Josh Beckett became the first Sox starter this season to last eight innings and Manny Ramirez hit two home runs as the Sox beat the Yankees, 7-5, in front of a sellout crowd of 55,088 at Yankee Stadium.
Beckett, who missed most of spring training with back and hip injuries, looked as if he was close to midseason form in allowing three runs on six hits and one walk while striking out five. Beckett's final pitch probably threw a scare into Red Sox Nation: Alex Rodriguez hit a slow roller past the pitcher's mound and Beckett dove for and missed the ball. He remained flat on the ground as Dustin Pedroia charged the ball and threw out Rodriguez, but at that point Beckett sprang to his feet and jogged off the field.
"He understands his responsibility and he's good enough to carry it out," Francona said.
Beckett ran into trouble in the fifth, when he allowed three runs—on a two-run single by Derek Jeter and an RBI double by Bobby Abreu—with two outs, but he retired the final 10 batters he faced. Outside of the fifth inning, Beckett allowed only one runner as far as second base.
"There are nights when you don't have your good stuff and you battle for five or six [innings]," Beckett said. "Other nights, the weather's right and you go seven or eight."
Ramirez, meanwhile, continued his outstanding April by hammering a solo homer to centerfield leading off the second and a mammoth two-run blast that nearly scraped the upper deck in the third inning. That was the highlight of a four-run third that chased Mike Mussina.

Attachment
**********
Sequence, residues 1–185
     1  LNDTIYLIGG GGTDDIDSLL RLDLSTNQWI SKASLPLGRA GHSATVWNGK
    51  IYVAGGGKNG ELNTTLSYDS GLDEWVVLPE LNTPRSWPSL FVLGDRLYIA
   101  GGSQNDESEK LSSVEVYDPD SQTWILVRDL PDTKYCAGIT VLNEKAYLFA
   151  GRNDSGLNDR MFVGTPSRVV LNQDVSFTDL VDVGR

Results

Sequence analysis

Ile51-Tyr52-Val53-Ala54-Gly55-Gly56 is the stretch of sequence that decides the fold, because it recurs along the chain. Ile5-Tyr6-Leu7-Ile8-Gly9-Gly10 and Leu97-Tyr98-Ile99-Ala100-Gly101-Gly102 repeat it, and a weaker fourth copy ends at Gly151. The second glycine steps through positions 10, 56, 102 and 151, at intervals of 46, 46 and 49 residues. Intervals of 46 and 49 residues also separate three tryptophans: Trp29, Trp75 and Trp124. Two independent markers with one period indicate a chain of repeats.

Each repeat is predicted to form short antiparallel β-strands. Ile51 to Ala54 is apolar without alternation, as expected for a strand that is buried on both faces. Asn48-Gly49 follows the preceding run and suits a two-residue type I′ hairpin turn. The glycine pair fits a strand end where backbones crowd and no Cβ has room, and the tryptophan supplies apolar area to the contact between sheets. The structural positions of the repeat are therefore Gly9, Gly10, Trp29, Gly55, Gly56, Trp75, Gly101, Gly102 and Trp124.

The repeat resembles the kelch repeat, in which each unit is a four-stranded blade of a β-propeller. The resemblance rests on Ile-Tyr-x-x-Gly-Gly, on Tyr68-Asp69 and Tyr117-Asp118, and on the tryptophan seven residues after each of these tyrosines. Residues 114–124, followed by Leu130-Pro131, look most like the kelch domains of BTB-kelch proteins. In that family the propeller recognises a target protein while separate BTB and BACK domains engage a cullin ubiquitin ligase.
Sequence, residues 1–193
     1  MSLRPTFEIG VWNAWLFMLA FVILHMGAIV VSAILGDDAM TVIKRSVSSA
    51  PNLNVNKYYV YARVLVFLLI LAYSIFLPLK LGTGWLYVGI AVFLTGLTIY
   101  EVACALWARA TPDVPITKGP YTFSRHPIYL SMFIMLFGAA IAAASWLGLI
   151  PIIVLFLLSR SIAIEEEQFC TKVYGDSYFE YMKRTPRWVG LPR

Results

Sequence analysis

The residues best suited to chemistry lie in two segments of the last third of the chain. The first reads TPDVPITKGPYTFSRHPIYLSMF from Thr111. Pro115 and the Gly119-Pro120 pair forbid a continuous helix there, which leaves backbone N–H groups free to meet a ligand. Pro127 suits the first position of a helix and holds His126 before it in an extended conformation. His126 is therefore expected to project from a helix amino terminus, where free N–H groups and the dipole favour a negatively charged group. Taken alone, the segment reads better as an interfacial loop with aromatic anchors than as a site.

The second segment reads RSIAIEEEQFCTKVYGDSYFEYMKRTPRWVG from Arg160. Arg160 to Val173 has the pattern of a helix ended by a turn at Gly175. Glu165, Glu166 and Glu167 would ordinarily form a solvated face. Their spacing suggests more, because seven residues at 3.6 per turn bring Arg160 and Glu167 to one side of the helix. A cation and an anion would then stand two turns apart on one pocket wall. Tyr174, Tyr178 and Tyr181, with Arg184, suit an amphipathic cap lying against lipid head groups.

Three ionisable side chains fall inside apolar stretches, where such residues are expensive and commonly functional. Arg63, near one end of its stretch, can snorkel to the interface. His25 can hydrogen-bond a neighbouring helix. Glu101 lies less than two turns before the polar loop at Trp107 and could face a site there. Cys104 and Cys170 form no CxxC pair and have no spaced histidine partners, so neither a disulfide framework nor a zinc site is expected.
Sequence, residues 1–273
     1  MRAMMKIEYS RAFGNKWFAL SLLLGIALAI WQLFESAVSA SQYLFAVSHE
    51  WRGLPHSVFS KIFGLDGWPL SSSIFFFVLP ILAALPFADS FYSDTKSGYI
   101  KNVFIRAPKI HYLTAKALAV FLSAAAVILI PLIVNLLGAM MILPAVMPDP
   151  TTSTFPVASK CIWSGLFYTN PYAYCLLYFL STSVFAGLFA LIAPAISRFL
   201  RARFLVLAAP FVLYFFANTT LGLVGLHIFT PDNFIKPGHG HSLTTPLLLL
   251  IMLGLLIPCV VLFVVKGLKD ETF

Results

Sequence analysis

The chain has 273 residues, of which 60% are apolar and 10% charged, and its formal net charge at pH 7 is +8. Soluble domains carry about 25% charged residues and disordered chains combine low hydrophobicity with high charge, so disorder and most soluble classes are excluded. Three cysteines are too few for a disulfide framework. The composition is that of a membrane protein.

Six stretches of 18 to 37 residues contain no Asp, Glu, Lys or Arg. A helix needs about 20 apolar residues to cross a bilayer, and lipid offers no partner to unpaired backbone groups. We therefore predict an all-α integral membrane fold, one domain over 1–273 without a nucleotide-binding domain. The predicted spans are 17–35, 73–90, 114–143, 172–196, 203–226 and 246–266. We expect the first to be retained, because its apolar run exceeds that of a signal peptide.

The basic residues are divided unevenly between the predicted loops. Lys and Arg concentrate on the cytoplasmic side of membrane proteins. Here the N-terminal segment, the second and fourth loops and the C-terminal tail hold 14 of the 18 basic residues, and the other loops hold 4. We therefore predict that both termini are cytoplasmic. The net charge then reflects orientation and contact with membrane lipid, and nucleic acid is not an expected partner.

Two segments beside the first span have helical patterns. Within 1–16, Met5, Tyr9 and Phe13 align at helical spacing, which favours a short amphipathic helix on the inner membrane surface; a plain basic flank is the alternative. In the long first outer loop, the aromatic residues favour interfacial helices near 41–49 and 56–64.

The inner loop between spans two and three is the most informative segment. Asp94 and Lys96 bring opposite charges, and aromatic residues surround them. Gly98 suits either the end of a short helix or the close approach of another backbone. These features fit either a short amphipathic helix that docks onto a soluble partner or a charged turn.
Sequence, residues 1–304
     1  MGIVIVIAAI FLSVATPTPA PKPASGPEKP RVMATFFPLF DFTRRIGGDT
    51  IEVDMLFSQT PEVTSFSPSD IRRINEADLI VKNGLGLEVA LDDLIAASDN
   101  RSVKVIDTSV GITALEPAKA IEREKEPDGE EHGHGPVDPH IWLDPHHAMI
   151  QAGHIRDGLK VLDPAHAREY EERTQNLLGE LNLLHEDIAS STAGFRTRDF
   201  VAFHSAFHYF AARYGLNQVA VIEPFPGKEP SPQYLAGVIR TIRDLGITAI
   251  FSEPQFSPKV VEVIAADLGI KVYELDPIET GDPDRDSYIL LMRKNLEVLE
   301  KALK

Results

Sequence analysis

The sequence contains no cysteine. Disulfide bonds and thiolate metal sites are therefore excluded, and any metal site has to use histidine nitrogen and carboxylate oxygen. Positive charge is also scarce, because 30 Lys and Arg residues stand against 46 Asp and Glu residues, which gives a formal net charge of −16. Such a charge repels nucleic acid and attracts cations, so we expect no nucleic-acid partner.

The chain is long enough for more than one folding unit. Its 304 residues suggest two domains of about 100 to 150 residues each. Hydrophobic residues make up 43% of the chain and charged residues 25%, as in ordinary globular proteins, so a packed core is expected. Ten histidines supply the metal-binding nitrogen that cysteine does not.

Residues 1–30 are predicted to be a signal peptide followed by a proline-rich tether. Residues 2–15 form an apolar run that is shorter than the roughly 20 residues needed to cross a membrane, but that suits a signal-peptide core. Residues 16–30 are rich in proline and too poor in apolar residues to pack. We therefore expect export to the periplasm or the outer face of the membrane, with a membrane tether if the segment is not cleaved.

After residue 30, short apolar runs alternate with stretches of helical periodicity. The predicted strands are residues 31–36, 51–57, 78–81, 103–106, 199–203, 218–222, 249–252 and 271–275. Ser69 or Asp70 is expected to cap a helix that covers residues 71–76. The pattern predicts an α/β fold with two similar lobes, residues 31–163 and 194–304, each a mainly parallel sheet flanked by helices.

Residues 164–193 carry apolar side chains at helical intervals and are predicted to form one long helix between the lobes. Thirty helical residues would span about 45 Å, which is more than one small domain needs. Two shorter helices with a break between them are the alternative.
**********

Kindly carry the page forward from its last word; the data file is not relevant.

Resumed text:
The homers raised Ramirez' overall career total to 495 and 55 against the Yankees, the latter of which ranks third all-time. He also moved into a tie for the American League lead with 18 RBI.
"I hope he invites me to his Hall of Fame speech," Beckett said.
Ramirez singled in his third at-bats and came around to score on J.D. Drew's two-run double. The Yankees responded in curious fashion in the seventh, when noted hothead Kyle Farnsworth—apparently doing his best impersonation of Scott Proctor—fired his first pitch behind the head of Ramirez, who glared out to the mound as home plate umpire Larry Vanover warned both benches.
The Sox didn't retaliate and Ramirez said afterward he thought he got buzzed because David Aardsma plunked Rodriguez in the sixth inning Wednesday. Francona, told he looked pained when Ramirez got hit, said it was just gas.
"Glad it didn't hit Manny," Francona said. "Ninety-eight at your lips is going to hurt."
The Sox traveled to Boston afterward and will begin a four-game series against the Rangers tonight, when Daisuke Matsuzaka faces ex-Sox farmhand Luis Mendoza.
Diehard managing editor Jerry Beach can be reached at email@example.com. To receive a free issue of Diehard, call 888-501-5752.
Beckett, Ramirez Lift Sox To Split
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